Repair Rusted Spots on Your Car Repair Rusted Spots on Your Car
There are several reasons why you may be concerned about rust spots on your car. If you are going to try to sell it, any appearance of surface rust will drive down the resale price considerably. If you plan on keeping the car for a long time, then you want one that looks nice and won't be falling apart.
If you have surface rust that has developed from a chip in the paint or even rust that has started as the result of the broken paint surface over a dent, you can take a few steps that will have your car looking great again in no time. Just because your car is old doesn't mean that it has to be a rust bucket.
Prep the Rusted Area
The first step, as with any other household paint job that you may be familiar with, is to properly prepare the surface to accept the paint. In the case of a car body, the purpose is two-fold. Not only are you preparing the metal to accept the paint, but you are also repairing it cosmetically by creating a perfectly shaped surface that is smooth and free of defects.
The best way to begin preparing the surface is with an electric handheld grinder. Use a 150-grit sanding wheel to begin creating a smooth surface. There will be a definite drop off point where the paint has been chipped away that you need to look for. You want to use the sanding wheel to level that surface so that you can't feel the difference between the painted surface and unpainted surfaces with your fingers. Use the sanding wheel to remove as much of the rust as possible, but don't get frustrated if it won't take it all away. The next step will take care of that. When you finish this task, try going over it with your eyes closed to see if you can still feel the drop-off.
The 150-grit wheel is good for preparing the area around the rust, but a metal grinding wheel is best for removing the actual rust itself. You need to be careful with this wheel because it can remove a lot of material very quickly. Make sure you don't overdo it, and work very slowly. This is an important step because, aside from removing the last of the rust, the metal grinding wheel will smooth out any pock marks or pits that the rust has left in the sheet metal.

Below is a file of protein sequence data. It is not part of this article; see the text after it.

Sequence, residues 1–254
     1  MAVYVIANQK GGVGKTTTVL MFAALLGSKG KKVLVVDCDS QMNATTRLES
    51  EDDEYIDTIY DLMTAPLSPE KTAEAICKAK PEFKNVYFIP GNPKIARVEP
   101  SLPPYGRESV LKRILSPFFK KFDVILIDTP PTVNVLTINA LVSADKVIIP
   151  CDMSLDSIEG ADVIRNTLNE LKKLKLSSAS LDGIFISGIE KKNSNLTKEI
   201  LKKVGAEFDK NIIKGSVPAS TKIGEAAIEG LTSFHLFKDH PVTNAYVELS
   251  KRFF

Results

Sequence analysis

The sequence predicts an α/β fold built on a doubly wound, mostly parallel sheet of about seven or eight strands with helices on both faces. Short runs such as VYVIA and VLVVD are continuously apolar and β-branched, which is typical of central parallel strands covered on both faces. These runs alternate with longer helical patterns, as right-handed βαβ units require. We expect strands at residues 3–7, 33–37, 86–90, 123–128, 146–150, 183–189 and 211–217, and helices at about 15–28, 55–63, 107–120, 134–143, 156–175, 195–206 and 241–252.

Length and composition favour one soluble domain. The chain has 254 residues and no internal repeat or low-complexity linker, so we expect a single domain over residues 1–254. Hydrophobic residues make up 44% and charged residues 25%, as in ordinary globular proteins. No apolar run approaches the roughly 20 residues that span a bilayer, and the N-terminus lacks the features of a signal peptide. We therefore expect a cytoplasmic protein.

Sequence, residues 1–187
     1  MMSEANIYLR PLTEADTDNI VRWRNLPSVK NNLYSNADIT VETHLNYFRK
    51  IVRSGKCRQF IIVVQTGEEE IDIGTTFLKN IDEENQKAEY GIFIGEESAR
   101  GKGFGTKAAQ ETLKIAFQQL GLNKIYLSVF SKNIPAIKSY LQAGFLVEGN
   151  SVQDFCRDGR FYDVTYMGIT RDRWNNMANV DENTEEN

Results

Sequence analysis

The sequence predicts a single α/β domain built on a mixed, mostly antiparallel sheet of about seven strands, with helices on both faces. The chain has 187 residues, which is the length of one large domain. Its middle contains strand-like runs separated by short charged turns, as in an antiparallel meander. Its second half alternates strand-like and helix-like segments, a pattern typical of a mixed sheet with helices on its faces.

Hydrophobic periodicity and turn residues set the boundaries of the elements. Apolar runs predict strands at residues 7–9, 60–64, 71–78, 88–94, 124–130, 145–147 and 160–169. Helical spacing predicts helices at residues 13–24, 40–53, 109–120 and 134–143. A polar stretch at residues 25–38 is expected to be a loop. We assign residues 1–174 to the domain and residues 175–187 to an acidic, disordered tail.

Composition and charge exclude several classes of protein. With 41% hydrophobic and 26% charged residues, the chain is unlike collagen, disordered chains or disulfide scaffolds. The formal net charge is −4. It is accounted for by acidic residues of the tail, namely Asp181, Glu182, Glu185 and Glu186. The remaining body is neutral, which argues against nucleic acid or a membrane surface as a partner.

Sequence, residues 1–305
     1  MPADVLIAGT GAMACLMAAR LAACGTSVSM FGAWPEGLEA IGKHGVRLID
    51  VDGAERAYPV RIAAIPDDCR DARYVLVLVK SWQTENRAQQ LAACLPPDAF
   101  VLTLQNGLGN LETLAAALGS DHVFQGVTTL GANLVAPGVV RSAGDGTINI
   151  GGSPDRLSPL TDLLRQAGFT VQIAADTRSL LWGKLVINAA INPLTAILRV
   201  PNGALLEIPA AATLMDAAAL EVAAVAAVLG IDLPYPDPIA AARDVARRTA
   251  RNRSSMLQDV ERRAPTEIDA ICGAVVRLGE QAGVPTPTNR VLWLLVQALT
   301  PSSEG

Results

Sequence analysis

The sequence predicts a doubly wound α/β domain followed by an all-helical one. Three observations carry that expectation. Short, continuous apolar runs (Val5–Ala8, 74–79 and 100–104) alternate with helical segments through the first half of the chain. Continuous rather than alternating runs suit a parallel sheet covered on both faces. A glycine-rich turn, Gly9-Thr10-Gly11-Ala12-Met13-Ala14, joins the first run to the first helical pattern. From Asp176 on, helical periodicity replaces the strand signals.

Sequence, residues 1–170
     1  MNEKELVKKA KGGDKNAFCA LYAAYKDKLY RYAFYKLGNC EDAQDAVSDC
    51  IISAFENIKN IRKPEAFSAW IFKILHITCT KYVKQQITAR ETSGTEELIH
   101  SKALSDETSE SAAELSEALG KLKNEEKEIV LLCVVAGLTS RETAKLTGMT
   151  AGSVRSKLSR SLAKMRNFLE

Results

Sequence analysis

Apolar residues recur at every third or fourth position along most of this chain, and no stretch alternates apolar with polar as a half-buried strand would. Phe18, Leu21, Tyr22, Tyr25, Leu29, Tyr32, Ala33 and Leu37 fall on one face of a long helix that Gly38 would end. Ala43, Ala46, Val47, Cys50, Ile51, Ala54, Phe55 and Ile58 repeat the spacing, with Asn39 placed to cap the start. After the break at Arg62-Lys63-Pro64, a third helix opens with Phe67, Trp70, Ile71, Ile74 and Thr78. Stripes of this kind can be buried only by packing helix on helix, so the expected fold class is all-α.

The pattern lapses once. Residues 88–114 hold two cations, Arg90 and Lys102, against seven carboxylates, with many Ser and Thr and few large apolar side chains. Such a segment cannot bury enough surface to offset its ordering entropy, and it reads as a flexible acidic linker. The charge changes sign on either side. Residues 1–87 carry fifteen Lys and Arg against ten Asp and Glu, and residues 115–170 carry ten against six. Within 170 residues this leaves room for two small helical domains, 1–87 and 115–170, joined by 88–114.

After you have removed as much rust as you safely can with the metal grinding wheel, it's time to move to hand sandpaper.150-grit is recommended. This is going to be used to remove any last stubborn rust spots and to perfect the transition that you created between the painted edge and the bare metal. Take your time and do a great job here. This is the step that will make or break the quality of your finish.
If there is a dent or some really deep pock marks left over from the rust that you just can't grind out without damaging the sheet metal, you can use Bondo or another body filler to fill the gaps, dents, pits, and just about anything else. This product is available at most auto parts stores and includes detailed instructions for its use. The key to success here, as with the first steps, is to make sure that the final sanding passes are perfect.
Prime and Paint
Once you are completely satisfied with the surface preparation, begin taping the area off. I would recommend using the blue painter's tape that is available at most home improvement stores, as it does not leave a sticky residue when removed. Begin with a high quality auto body primer. The key is to apply very thin coats instead of trying to use one very thick one because paint builds its strength by being applied in layers. Apply three thin coats of primer, waiting about 10 minutes between each one. After the third coat has been applied, let it sit overnight so the primer can fully cure.
After the primer has been given a chance to completely dry, take a piece of 150-grit paper and very lightly hand sand the area. You are not trying to remove any paint, but instead are simply ensuring that the surface is smooth. Make sure you knock out any dust that may have accumulated in your primer coats while they dried.
The paint, just like the primer, should be applied in very thin coats. You should usually use three coats, but you may find that four or more gives you a deeper looking finish. If you are able to match the color exactly, you may want to use more so the repaired area blends seamlessly. If you are not able to get a 100% color match, then a few coats should be sufficient, as you don't want the area to jump out visually. Let the paint also dry between coats—I would recommend at least two hours between. The label on the product may also give you a good recommendation for dry time.
After the final coat of paint has had the chance to cure overnight, give the entire car a good wash and wax to help blend the repaired area into the rest of the finish. Now it's time to step back and admire your handywork. You repaired your own rust damage, and, as long as you already owned a grinder, you didn't spend more than $25.